[Supernatural Born Killers] I saw this title, and then the rest of the series, and knew that they deserved a mention here. In addition to Supernatural Born Killers, which is the most recent entry, the Pepper Martin mysteries include:
Don of the Dead
The Chick and the Dead
Tombs of Endearment
Night of the Loving Dead
Dead Man Talking
Tomb With a View
A Hard Day’s Fright
Wild Wild Death (weakest entry)
This is series punning done RIGHT. They (presuming author + publisher) picked a theme: movies. They applied death-related terms to all their chosen titles, without too much reaching. They’ve left themselves lots of room for future titles. *polite clapping*
I came across Christine Warren’s Fixed series (currently being re-released with more “friendly” titles) while I was puzzling out my paperback order today. I think the titles are worth seeing as a group:
Fur for All
Let’s hear it for paranormal puns!
[Jewel in His Crown] I would much rather read The Jewel in the Crown, thank you very much. But! For those of us that don’t have time to read that brick, her name is Ruby! GET IT?
Sheikh Prince Raja al-Somari knows that sacrificing his freedom for the good of his country isn’t a choice; it’s a duty. But he’s going to have to use more pleasurable tactics to convince his new bride….
A day ago Ruby Sommerton was an ordinary girl, going to work and gossiping with her flatmate, now she’s found out she’s a princess and waits nervously in the bedroom of the Prince’s desert palace!
Raja’s new bride has a lot to learn about being a royal, most enticingly of all…how exhilarating nights with her new husband can be—and that an heir is top of his agenda!
[With This Fling…] Pros: A punny title that includes punctuation, a heroine with an interesting job (archaeologist), a heroine who already looks pregnant in the cover photograph, and a hilarious miniseries title: P.S. I’m Pregnant!
Cons: Without reading the book, I’m going to go ahead and say the cons are the plot and the way the book is written.
If you click on the cover, you’ll get to see the nifty Mills & Boon version. So much more interesting!
[Murder Under Cover] The Bibliophile mystery series has an uneven history of cover puns. Homicide in Hardcover and The Lies that Bind are … OK. If Books Could Kill is clearly the winner of the series. This most recent one isn’t too bad, but it isn’t truly awesome/horrible enough to merit more than a passing mention, either. Let’s step it up, people!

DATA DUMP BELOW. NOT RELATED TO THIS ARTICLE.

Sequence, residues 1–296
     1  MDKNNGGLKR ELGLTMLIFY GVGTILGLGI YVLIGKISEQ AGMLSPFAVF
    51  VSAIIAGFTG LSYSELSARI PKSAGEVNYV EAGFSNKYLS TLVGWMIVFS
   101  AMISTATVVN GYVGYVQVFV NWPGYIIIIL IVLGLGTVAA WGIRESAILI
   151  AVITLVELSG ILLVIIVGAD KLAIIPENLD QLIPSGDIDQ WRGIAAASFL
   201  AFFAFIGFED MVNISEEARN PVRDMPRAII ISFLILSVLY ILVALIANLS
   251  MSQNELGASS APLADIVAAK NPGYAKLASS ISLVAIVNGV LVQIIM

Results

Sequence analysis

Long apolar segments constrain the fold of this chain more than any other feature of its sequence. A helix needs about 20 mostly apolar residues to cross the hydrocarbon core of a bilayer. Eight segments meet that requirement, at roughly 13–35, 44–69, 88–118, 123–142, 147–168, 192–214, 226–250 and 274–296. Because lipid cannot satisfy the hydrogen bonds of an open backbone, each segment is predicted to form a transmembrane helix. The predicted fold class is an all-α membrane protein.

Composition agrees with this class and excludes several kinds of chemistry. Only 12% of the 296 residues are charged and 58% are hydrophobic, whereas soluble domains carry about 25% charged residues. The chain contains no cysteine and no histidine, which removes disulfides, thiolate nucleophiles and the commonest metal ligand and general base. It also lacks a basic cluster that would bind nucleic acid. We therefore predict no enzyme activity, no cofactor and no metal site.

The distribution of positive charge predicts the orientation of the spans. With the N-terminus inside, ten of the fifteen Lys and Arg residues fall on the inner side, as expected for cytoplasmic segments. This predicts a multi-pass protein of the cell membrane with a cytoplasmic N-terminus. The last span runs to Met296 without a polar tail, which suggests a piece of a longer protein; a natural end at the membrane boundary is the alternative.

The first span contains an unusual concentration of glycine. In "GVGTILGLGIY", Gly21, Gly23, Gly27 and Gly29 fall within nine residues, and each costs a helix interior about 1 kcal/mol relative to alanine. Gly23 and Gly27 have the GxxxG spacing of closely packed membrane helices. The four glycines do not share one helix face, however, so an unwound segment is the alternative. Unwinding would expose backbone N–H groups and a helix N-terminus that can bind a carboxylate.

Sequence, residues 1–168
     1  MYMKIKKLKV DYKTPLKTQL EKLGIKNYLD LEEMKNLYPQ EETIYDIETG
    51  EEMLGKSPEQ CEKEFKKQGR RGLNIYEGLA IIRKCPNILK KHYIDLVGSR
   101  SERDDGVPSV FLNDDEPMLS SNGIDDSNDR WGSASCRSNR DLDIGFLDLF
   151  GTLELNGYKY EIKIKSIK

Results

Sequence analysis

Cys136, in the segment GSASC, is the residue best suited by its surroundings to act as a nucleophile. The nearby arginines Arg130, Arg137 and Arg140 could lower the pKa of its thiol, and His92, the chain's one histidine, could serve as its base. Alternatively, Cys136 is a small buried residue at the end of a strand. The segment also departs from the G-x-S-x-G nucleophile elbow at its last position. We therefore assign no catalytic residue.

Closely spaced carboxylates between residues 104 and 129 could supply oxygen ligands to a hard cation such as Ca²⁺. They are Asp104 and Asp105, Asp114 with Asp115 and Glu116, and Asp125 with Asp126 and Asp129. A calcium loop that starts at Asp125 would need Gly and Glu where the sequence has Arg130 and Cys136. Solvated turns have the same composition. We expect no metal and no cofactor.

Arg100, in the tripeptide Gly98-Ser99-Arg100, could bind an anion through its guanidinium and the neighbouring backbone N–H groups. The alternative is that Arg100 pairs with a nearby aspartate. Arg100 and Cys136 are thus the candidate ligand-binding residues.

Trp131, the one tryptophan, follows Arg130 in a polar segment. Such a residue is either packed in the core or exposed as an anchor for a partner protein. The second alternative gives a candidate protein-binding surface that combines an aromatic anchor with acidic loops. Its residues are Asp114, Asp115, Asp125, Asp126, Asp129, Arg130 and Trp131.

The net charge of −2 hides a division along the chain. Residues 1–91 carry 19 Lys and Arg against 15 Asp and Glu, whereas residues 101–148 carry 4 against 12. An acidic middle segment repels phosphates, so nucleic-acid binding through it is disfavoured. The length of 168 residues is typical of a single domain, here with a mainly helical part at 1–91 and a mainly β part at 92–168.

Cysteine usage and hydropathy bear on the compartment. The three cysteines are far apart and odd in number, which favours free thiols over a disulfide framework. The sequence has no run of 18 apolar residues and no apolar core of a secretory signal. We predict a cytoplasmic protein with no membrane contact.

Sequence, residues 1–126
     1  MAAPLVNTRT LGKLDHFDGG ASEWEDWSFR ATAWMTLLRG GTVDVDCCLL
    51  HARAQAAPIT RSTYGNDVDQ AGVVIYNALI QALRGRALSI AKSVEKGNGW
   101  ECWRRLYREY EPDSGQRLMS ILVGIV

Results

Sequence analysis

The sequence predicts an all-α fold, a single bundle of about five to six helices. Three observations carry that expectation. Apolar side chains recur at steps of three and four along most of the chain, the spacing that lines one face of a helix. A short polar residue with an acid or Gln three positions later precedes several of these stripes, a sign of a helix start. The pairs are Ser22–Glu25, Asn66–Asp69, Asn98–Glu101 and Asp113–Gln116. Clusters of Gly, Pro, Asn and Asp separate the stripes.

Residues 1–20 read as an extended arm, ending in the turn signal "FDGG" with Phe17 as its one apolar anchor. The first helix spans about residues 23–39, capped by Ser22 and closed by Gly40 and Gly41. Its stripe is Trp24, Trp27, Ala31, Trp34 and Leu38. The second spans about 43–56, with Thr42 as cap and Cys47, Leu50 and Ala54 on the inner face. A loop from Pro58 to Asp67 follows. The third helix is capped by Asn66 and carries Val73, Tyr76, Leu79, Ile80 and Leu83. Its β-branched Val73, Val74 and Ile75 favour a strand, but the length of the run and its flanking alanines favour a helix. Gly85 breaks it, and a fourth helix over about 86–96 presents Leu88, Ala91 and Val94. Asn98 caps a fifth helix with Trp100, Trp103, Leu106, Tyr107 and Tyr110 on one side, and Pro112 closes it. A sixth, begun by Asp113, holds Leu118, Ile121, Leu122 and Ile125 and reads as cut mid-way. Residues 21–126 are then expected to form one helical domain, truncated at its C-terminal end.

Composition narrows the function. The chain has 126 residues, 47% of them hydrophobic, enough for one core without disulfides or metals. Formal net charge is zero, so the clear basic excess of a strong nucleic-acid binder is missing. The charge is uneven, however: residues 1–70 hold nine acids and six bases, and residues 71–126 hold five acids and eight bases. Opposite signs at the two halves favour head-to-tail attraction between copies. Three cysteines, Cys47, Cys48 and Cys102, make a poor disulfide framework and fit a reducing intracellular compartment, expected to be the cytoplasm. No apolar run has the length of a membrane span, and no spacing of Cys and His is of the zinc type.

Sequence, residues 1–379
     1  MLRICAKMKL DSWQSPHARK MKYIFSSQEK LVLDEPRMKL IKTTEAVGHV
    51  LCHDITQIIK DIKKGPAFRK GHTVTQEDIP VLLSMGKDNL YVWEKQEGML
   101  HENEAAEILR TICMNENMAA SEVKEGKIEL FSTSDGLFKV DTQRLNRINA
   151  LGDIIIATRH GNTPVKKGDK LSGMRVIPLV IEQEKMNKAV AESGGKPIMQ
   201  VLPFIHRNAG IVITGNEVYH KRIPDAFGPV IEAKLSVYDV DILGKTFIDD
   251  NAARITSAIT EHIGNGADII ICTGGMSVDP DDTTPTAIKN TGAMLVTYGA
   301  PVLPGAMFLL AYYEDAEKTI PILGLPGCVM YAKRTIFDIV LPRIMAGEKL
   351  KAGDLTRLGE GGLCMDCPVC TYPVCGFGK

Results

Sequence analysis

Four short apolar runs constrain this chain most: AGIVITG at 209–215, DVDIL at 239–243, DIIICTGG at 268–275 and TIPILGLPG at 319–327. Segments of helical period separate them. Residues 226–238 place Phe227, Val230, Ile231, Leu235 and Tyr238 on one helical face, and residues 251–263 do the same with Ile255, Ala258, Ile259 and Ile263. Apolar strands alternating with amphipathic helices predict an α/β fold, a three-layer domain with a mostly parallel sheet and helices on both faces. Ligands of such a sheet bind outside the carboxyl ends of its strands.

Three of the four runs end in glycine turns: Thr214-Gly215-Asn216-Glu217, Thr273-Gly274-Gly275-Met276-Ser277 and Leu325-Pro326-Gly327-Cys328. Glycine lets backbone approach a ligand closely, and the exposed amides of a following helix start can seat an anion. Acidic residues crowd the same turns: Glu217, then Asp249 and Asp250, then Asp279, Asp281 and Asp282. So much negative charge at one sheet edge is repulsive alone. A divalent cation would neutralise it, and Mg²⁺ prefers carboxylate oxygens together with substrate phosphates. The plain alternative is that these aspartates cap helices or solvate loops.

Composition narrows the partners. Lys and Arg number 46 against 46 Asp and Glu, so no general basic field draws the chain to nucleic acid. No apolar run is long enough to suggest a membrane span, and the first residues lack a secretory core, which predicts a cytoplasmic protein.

[Classified as Murder] Since it’s National Library Week and all, I thought we’d feature a few library or book-oriented cozies. Classified as Murder is the second in the “Cats in the Stacks” series (featuring Charlie the librarian and his cat, Diesel), following Murder Past Due. I’m not a huge cat cozy adherent, but I can definitely appreciate a mild library pun, especially the title of the most recent book. What is murder classified under? My library seems to have it in 364.
We here at Marc of the Beast have been very distressed recently by the trend in cozy mystery titles away from puns and humor (and toward bland descriptiveness). These things are our bread and butter, and—totally unscientific opinion—the better the pun, the more people are probably going to laugh and pick up the book, maybe check it out … right? It’s in authors’ and publishers’ best interests to come up with good (i.e., funny) titles for the SAKE OF HUMANITY. Cozy mysteries: You had a lock on this. Why have you strayed? WHY?
Sure, there will always be horrible—and therefore hilarious—series romance titles for us to mock, but those don’t typically come with “tips” for the reader. PLEASE LET THEM NOT COME WITH TIPS. Imagine a series romance novel with tips on how to have a secret baby. Or tips on how bosses can most successfully seduce their secretaries and nannies. On second thought, imagining that might be the subject of a whole other post.
However, there are some books that are doing their best to take up the mantle seemingly abandoned by the cozy mystery; I recently found a good example in mainstream romance. Kieran Kramer’s Impossible Bachelors series has been gamely punning for several volumes now: First When Harry Met Molly, then Dukes to the Left of Me, Princes to the Right, and now Cloudy with a Chance of Marriage and the forthcoming If You Give a Girl a Viscount. Sure, none of these are earth-shatteringly funny titles, but they’re part of a growing trend that we desperately hope to see (another example: I Kissed an Earl) toward puns instead of away from them.
If cozies aren’t going to step up to the standard that they played an integral role in creating, then some other genre will fill that void. And Marc of the Beast will be there to mock them.